For months now it has become clear that Maine’s Land Use Regulation Commission (LURC) is heading toward an approval of Seattle-based Plum Creek’s revised development proposal for the Moosehead Lake region. On Tuesday in Bangor, NRCM had one last opportunity to address LURC in person.
After more than four years battling for changes in Plum Creek’s plan, and winning many improvements, NRCM and our partner, Maine Audubon, held a press conference in Bangor and presented a final statement to LURC. This appears to be the last time that the Commissioners will deliberate on the proposal before casting final votes at a meeting in August or September.
We told the media and LURC that the world has changed dramatically since their last deliberations in September 2008. We explained that the global economic collapse, increased concern about energy costs, and designation of the entire Plum Creek plan area as critical habitat for Canada lynx should all be taken into account. We urged LURC to pause, reconsider, and restructure the plan so that it is smaller and focused near the existing communities of Greenville and Rockwood.
In the current context, we believe that Plum Creek’s plan looks like land speculation that is simply designed to serve the interests of Plum Creek shareholders.
We urged the Commission to not sacrifice the undeveloped shorelines of Moosehead Lake, and remote stretches of Lily Bay peninsula, simply for the benefit of out-of-state real estate speculators like Plum Creek. As we’ve said before, once it’s gone it’s gone forever.
At the end of the day’s deliberations, the Commission, unfortunately, directed its staff to prepare a final decision document for approval of the plan. They will likely make their formal vote to approve this plan at their regular August or September LURC meeting.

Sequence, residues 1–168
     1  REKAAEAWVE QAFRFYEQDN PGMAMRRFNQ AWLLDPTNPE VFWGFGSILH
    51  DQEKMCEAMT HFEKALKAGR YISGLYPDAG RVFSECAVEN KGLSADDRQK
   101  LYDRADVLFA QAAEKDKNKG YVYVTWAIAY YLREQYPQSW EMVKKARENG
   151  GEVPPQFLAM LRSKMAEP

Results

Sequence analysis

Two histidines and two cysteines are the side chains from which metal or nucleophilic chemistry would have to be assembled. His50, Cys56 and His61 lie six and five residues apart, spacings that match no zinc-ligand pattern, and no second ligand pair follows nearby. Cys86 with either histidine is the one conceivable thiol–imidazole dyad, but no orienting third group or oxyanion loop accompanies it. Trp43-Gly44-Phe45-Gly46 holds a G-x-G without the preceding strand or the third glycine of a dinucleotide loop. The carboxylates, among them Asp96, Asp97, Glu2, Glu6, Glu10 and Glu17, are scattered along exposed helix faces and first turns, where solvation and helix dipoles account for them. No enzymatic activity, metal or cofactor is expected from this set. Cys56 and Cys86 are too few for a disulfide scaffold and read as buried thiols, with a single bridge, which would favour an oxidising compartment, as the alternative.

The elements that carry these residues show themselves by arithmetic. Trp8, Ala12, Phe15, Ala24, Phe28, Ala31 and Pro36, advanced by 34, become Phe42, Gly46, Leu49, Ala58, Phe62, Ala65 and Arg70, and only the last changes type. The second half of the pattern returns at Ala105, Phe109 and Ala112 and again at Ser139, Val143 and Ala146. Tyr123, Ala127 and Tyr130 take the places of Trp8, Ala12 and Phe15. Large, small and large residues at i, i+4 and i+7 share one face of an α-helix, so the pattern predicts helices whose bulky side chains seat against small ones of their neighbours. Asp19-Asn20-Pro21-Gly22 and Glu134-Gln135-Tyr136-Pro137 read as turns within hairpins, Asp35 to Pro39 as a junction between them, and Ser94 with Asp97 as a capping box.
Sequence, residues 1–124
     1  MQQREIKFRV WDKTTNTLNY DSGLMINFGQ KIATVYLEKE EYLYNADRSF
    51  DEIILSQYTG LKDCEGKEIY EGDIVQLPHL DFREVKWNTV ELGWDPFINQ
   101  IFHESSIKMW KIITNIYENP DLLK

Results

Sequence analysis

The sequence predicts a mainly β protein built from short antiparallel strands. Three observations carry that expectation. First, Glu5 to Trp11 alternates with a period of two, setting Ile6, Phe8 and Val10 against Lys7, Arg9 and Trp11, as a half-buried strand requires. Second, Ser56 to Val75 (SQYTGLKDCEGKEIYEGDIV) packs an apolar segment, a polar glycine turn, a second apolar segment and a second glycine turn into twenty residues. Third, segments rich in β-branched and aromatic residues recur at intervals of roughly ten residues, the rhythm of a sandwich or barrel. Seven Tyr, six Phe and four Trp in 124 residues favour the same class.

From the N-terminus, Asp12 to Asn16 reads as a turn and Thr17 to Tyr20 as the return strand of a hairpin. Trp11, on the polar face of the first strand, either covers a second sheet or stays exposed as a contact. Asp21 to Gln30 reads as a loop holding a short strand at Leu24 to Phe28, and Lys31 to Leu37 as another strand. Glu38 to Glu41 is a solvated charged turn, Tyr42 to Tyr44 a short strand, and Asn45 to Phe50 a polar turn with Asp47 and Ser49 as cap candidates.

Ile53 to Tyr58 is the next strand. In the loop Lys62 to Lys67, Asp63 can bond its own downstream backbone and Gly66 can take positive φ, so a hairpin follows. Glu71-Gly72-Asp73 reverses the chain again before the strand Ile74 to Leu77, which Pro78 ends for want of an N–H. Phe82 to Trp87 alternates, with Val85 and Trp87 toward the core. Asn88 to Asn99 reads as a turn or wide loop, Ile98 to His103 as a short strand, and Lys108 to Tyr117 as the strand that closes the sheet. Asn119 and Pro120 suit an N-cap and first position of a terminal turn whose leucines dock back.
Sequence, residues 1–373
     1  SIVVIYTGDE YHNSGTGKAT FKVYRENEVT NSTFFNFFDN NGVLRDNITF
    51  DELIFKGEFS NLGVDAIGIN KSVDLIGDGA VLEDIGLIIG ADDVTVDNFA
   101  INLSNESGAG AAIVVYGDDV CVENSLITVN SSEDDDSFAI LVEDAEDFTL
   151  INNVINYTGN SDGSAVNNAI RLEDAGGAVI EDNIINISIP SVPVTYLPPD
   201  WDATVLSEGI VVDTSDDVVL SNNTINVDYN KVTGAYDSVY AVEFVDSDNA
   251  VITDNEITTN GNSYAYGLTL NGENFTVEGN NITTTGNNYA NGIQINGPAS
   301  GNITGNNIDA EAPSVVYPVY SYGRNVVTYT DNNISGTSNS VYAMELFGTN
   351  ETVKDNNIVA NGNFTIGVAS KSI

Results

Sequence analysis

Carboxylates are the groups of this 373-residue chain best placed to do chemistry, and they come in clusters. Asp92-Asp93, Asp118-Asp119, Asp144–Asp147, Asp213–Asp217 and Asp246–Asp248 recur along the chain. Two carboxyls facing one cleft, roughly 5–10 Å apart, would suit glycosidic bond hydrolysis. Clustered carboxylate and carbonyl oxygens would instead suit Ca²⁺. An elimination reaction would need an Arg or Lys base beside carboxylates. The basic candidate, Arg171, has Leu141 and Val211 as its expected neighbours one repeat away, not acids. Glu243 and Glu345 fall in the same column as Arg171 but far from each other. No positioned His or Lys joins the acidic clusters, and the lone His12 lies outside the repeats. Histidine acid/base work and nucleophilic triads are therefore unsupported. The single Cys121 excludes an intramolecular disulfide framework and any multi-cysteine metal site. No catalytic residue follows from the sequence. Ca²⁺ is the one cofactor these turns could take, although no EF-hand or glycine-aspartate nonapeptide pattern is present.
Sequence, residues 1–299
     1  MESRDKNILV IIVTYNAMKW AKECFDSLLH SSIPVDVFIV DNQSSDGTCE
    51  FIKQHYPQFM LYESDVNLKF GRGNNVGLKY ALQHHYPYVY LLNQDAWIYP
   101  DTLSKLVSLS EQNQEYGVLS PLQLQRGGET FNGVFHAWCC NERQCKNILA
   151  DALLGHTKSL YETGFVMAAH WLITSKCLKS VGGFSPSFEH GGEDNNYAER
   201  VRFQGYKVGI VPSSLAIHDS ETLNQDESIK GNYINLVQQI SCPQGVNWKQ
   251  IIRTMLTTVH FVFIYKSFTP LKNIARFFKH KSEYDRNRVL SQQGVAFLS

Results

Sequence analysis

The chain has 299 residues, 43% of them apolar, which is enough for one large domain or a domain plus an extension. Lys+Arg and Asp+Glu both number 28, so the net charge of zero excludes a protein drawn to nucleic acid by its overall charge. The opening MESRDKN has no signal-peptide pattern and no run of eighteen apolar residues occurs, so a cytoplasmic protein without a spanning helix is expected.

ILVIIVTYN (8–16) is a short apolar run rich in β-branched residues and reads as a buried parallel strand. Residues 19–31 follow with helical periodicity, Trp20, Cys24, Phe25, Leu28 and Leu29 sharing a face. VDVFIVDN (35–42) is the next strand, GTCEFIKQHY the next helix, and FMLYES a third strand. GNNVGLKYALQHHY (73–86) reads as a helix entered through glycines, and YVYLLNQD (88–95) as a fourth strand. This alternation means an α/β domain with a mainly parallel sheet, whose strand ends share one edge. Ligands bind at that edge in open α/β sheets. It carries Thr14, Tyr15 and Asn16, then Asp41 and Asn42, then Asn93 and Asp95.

In a surprise move by Plum Creek, the company attempted to create a massive loophole for itself that would have resulted in rezoning approvals around Moosehead Lake without having to provide conservation lands. The company’s spokesman tried to get this change in the event that Plum Creek were to initiate termination of their Concept Plan project. Maine’s Land Use Regulation Commission (LURC) rejected this request by Plum Creek.
Here is how we now understand that LURC dealt with Plum Creek’s request: Plum Creek may file a request to LURC to terminate the Concept Plan, but the Plan would not be terminated until LURC and Plum Creek agree. In the meantime, the provisions of the conservation easement will apply for up to five years even though the easement would not officially be in place. This would allow LURC to put in place an alternative rezoning plan for the area.
We will continue to explore all of our options to affect the final outcome. We ill continue working to protect Maine’s North Woods from poorly located development and those who seek to exploit what remains of the largest undeveloped forest east of the Mississippi.
For more information about our work to protect Maine’s North Woods, visit https://www.nrcm.org.